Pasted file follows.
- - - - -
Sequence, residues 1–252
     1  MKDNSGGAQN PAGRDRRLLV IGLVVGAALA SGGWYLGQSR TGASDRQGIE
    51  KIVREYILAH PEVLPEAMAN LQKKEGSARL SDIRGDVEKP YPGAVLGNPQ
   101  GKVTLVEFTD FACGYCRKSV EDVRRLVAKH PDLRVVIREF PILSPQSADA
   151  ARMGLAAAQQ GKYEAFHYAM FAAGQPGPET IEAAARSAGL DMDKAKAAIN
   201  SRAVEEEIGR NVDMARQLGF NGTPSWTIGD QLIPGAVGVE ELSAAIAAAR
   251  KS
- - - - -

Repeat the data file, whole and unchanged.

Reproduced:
Sequence, residues 1–252
     1  MKDNSGGAQN PAGRDRRLLV IGLVVGAALA SGGWYLGQSR TGASDRQGIE
    51  KIVREYILAH PEVLPEAMAN LQKKEGSARL SDIRGDVEKP YPGAVLGNPQ
   101  GKVTLVEFTD FACGYCRKSV EDVRRLVAKH PDLRVVIREF PILSPQSADA
   151  ARMGLAAAQQ GKYEAFHYAM FAAGQPGPET IEAAARSAGL DMDKAKAAIN
   201  SRAVEEEIGR NVDMARQLGF NGTPSWTIGD QLIPGAVGVE ELSAAIAAAR
   251  KS